By Jorge Valdés Garciatorres, PMP
“If opportunity doesn’t knock, build a door.”
Experts say that the world will never be as we once knew it. I personally think that it will take us several years to return to some sense of normalcy. We’ll have to accept it: Adaptation is inevitable.
As I prepared to write this blog, I was looking for a personal story to illustrate my resilience skills. The truth is that many came to mind. I believe that this ability, along with creativity, is something we all have as project managers.
Working from home for the past 15 or 16 weeks (I’m one of the lucky ones who can work remotely during the pandemic) is perhaps the closest example of resilience. In my case, it has required less effort, but the overwhelming response we have had to our Managing Remote Teams program has helped me realize that, although the technology exists, there is still a lag in the ability of many to adapt to this new way of working.
Another reflection that came to my mind was that perhaps as project managers, our shifting scope of work causes us to take life as it comes. That is to say, this professional activity that I chose and that I enjoy so much helps those of us who practice it to develop that capacity of hyper-adaptation. For example, life has led me to give courses in parking lots, and on one occasion a few years ago, I almost had to give a course while on the presidential plane for a group of Mexican government officials. I have learned to work at home, where I have a spacious and comfortable office totally adapted to my taste, and I’ve also transitioned to suddenly having to work at a 35 inch x 35 inch desk in a client's facilities.
Other reflections come to my mind with regard to the technological changes that people in my generation have experienced. My kids just can’t believe that when I was young, I was my mother’s remote control, and that in my time, the “smart” were the people who used phones—and not the phones themselves.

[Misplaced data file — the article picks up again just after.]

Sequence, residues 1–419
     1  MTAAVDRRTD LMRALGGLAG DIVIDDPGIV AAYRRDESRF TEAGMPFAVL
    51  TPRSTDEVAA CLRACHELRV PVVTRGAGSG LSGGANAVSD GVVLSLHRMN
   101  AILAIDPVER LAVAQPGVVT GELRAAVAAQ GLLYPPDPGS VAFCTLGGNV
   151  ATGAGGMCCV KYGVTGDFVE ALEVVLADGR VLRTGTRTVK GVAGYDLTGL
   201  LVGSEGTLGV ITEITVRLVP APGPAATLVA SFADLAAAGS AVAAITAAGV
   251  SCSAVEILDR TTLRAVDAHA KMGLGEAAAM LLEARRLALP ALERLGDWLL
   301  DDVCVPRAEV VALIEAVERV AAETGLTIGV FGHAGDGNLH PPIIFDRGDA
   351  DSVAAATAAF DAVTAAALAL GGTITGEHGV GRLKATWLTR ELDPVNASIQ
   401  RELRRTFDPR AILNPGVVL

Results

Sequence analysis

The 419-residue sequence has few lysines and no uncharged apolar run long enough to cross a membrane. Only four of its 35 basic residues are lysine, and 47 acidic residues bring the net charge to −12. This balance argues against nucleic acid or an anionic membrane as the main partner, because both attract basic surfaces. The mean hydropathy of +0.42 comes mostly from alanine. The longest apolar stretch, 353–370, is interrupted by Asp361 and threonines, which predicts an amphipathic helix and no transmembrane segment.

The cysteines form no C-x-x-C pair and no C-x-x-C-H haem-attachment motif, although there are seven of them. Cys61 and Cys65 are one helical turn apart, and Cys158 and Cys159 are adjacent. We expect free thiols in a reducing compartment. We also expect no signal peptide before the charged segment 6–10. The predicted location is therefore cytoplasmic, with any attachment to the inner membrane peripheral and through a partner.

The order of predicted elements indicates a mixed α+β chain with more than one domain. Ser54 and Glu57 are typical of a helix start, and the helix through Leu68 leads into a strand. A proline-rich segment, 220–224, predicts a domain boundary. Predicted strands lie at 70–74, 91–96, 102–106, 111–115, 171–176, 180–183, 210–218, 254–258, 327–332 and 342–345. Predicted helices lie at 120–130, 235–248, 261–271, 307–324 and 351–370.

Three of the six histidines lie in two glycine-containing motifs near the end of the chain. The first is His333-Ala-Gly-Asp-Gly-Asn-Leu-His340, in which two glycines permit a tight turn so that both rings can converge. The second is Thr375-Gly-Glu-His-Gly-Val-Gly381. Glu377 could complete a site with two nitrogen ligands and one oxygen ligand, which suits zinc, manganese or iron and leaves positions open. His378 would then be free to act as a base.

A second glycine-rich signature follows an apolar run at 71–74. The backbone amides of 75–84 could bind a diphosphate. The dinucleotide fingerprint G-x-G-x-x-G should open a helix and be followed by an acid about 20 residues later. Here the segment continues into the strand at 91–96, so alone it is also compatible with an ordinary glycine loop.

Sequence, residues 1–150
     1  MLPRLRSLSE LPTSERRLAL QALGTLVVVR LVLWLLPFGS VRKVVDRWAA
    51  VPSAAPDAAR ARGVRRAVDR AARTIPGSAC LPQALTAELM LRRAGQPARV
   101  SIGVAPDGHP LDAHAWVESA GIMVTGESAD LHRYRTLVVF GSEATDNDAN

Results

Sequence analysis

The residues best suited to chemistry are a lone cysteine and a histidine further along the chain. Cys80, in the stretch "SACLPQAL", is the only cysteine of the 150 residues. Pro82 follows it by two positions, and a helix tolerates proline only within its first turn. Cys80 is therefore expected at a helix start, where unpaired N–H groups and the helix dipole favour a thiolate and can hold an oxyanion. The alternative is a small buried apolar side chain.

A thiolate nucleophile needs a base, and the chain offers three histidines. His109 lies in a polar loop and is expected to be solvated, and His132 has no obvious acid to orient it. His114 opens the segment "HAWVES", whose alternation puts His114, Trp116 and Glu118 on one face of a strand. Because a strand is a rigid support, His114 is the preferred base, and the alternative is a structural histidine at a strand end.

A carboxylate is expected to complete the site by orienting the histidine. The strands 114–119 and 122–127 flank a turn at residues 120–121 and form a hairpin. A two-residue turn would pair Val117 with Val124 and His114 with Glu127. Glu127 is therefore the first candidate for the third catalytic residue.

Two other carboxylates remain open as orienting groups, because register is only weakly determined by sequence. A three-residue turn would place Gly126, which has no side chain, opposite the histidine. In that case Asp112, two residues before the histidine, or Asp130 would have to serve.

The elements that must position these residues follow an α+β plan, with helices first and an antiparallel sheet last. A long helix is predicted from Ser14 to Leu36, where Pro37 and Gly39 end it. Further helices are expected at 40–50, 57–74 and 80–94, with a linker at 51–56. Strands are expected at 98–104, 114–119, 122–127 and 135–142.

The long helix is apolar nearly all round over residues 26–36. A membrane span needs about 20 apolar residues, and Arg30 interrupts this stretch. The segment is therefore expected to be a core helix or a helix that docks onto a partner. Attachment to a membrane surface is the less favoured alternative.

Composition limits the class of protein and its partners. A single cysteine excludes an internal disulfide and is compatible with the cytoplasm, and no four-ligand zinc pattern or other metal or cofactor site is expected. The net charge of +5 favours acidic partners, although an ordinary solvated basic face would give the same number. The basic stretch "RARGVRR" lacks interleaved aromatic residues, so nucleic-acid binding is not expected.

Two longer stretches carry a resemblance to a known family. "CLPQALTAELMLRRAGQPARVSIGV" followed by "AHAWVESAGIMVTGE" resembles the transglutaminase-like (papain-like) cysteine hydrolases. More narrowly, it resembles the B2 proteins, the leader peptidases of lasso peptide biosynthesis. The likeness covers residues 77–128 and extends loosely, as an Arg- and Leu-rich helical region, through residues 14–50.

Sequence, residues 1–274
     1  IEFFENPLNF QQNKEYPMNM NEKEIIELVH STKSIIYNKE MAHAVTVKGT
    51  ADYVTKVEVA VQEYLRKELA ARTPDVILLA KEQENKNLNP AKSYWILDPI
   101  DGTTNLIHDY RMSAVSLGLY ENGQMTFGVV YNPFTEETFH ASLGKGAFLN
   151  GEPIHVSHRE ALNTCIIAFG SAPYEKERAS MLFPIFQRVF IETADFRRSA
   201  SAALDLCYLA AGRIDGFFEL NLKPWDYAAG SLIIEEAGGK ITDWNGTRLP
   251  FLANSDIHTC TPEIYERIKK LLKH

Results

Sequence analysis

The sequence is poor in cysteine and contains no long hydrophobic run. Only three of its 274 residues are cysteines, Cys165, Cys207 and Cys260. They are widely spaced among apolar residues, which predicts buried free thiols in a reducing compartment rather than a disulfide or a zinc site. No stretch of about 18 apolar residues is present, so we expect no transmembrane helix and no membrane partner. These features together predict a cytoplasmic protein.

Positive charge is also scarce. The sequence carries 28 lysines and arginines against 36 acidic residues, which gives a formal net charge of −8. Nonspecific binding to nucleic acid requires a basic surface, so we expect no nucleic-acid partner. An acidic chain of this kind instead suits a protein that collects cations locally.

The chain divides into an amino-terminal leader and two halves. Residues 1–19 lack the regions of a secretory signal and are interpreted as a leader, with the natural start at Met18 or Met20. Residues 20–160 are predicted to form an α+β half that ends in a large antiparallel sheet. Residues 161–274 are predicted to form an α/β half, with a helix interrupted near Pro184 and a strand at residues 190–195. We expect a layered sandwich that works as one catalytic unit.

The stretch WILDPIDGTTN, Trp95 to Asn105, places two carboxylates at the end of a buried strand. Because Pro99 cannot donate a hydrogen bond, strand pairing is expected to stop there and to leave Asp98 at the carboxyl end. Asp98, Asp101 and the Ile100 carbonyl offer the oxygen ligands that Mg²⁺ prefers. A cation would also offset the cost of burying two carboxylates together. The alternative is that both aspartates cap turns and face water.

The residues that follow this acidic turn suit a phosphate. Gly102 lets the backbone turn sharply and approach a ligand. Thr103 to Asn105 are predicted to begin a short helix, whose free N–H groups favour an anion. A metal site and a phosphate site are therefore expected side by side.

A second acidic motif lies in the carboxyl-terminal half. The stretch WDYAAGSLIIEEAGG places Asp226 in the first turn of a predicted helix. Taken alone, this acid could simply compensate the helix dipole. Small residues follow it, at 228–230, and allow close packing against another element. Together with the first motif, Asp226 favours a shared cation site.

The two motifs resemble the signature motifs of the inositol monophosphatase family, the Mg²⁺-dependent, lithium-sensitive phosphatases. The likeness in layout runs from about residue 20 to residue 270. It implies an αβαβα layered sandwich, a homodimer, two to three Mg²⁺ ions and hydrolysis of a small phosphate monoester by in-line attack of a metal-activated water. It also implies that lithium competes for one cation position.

In the end, whether it is a generational skill or whether it is fostered by the career someone chooses, there is no doubt that adapting to changing situations is an important and vital skill in these times.
During the "Googleographic" research I did to write this article, I came across this page in which the American Psychological Association, in addition to defining resilience, proposes some activities to help foster it.
The literature available on the web around this topic has been increasing. I can also recommend two books, not to be missed, that can help you better understand how resilience can make the difference between success and failure.
One story that has marked me in particular, masterfully narrated in the book Desde la Adversidad, that of Ernest Shackleton, a ship captain of about 110 years ago. He went down in history for having formed what is perhaps the most resilient team in history.
Another book that I highly recommend is Bonnie St John's Micro-Resilience: Minor Shifts for Major Boosts in Focus, Drive and Energy. I had the opportunity to listen to Bonnie while attending an event a few years ago. Her story is incredible, and an inspiration for everyone. The fruit of her experience is explained very assertively in her excellent book.
If you are a project manager or a consultant, chances are that you are already a resilient person. But remember that you must keep exercising your skills to keep them in shape.
How do you exercise your resilience?